Driving around Rioja, Spain’s wine country and at the Circuito de Navarra, the XE’s chassis and powertrain are in perfect harmony. Like other Jaguars, the ride is soft and compliant. It only hints at the car’s abilities. We joked about the absurdity of driving the XE on the track – lapping sessions on press launches are as cliché as Nürburgring times – only to find out that the baby Jaguar can handle any road course abuse. What’s most impressive is the car’s balance. Find the limits and you’ll see that the edge is like a gentle slope. Understeer is easily managed by the fade-free brakes. Jaguar engineers are so good at ride and handling tuning, we wonder if British bedtime stories are tales of force-displacement curves and spring-damper ratios.
An aside on one other absurdity: Jaguar’s naming scheme. The descriptions: 35t, 20d, 25t (the designation for the 2.0-liter gas engine) relate only slighty to horsepower, displacement, or the vague notion of “virtual displacement” conjured up by evil German marketing executives. In any case, this system is no less crazy than numbers on the trunk of other cars. And they line up with the equivalent competition.
And speaking of badges, the XE sticks them on some handsome bodywork. The car shares common styling themes with the XF and XJ. The goal, said designer Wayne Burgess, was to unify the brand’s look across the lineup. In front, the headlights carry the “J-blade” swooping line with the daytime running lamps. Close up, at the border of the headlights and front fender, the styling seems unified with the 3 Series. But the overall look is genuine Jaguar. And if you weren’t sure, the name is spelled out on the trunklid below the leaping cat in homage to the E-Type. The rectangular tail lamps house another familiar shape with glowing brake lights that mimic the F-Type’s.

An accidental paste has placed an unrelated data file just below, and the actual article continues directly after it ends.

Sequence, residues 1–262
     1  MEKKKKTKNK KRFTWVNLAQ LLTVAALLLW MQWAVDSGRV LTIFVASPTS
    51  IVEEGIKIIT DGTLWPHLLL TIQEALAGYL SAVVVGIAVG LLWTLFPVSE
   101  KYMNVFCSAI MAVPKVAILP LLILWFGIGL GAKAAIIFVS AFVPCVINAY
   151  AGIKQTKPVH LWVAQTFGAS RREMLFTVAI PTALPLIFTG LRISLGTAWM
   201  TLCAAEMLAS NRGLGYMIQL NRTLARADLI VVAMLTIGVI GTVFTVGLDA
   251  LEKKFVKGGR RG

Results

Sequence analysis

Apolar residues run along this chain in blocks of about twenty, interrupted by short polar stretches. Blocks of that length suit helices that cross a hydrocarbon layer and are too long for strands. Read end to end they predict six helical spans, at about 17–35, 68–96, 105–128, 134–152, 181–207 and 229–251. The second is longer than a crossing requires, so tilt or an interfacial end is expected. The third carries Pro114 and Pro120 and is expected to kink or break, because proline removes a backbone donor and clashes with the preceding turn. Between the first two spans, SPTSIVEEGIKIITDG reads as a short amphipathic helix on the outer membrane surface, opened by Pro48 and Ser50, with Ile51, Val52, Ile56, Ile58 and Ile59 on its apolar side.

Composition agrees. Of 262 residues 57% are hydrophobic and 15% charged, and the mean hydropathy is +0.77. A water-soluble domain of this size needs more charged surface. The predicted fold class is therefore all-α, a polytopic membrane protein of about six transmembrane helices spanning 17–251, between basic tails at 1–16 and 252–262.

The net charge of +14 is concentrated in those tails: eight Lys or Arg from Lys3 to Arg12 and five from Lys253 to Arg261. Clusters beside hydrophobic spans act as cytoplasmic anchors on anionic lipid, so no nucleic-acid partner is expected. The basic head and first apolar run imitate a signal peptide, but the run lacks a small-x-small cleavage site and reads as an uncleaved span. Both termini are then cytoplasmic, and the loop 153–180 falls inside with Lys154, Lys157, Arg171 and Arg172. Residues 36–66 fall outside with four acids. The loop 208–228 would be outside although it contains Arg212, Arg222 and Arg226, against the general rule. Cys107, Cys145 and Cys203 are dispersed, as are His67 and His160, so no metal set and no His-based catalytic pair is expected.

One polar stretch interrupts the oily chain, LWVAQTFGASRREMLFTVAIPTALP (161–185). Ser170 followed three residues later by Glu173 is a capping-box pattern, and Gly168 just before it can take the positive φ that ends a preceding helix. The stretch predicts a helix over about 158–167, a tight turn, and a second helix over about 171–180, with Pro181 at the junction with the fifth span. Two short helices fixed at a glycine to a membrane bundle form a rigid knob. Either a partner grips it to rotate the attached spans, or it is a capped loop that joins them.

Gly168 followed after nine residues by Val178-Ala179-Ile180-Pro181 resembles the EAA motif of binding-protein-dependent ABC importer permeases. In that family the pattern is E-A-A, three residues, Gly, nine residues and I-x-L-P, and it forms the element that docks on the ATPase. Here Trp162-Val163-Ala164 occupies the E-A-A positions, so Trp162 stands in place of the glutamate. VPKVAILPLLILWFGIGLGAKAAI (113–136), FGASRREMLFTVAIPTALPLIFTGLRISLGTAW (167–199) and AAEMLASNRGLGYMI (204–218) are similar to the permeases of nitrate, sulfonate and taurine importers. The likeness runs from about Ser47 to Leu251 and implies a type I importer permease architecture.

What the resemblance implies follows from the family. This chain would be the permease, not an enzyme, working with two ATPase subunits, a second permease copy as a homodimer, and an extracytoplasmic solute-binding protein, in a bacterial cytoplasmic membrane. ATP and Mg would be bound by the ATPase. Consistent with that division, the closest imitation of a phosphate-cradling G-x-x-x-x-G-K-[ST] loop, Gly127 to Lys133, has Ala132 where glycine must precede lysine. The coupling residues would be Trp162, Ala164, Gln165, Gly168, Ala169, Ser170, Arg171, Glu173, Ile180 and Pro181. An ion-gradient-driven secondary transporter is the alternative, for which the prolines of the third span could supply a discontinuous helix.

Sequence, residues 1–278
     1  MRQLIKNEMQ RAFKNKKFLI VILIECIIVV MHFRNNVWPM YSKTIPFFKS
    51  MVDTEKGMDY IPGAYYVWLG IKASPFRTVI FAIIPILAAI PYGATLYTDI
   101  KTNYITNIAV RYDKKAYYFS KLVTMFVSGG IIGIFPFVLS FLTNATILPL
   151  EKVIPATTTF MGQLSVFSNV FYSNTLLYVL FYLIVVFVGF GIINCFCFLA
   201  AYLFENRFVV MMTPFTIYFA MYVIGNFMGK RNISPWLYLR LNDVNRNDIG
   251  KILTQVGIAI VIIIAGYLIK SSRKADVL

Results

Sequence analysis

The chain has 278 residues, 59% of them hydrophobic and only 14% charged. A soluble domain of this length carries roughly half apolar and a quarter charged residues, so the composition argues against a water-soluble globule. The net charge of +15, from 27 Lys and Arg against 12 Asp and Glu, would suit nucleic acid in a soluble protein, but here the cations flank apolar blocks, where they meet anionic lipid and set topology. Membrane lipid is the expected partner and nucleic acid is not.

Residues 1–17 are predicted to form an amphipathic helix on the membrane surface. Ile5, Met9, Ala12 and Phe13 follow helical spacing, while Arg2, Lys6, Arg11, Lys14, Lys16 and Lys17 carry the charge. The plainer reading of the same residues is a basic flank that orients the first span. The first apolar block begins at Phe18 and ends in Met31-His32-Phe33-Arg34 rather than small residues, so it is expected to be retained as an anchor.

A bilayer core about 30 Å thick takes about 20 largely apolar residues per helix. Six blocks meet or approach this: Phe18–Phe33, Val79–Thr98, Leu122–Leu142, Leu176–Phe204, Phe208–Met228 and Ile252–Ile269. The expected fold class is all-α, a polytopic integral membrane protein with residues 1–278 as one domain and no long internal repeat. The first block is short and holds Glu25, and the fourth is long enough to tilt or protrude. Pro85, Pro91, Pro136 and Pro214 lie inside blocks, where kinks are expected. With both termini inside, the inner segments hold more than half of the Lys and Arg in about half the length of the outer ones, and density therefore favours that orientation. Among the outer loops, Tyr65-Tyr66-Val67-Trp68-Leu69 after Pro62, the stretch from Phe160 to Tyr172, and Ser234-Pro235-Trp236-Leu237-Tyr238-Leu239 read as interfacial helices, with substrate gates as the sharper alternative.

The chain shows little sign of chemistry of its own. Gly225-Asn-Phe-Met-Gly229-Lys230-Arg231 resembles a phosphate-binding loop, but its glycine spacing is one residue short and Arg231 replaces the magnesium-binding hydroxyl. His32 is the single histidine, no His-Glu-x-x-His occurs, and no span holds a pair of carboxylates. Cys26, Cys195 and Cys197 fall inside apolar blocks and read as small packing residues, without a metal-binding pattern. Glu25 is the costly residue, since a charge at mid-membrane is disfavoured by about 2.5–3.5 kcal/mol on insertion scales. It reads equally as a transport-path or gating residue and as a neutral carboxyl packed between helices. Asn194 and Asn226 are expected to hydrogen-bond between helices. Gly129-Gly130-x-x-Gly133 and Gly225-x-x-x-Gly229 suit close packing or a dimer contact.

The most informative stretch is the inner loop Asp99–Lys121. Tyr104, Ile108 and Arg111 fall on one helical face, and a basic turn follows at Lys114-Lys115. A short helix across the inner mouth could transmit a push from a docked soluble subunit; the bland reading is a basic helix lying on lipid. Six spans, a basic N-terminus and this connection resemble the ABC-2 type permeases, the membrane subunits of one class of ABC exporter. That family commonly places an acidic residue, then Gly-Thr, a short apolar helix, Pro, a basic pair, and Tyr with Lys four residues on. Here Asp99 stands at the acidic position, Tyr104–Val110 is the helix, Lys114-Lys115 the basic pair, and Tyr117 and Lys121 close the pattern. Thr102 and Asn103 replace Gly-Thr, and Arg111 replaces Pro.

Inside, the swooping dash borrows from the XJ with the arc continuing through to the door panels. In the center lies Jaguar’s new infotainment system, known as InControl. The good news is that this is a vast improvement from Jaguar’s current touchscreen. It’s responsive, easy to use, and has hard buttons that shortcut to the main functions. The bad news is that this is still a touchscreen, so it’s tough to do anything but basic tasks while driving. Below InControl is the rotary shift knob, with the Jaguar Drive Control settings in a row of buttons to the rear. The system alters the steering, throttle response, transmission setting, and if equipped, adjustable dampers between four settings. Switch from Normal to Dynamic mode and the gauges change their glow from blue to red. At night the ambient lighting shifts as well.
The cabin materials are impressive, with soft leather, a stitched dash, and real metal paddle shifters on the steering wheel. There are a couple of let-downs, like cheap plastic on the top of the steering column and a chintzy feel to the multifunction buttons on the wheel. Still, Jaguar did well to make this a first-class cabin. It doesn’t top the materials in the Mercedes-Benz C-Class, but then again the C-Class doesn’t drive as well as the XE.
Does the XE have what it takes to put the BMW out of its misery? With sales in the US almost a year away, we’ve only seen a preview of the XE-versus-the-world feature. But spoiler alert: we’re pretty sure the good guy wins this one.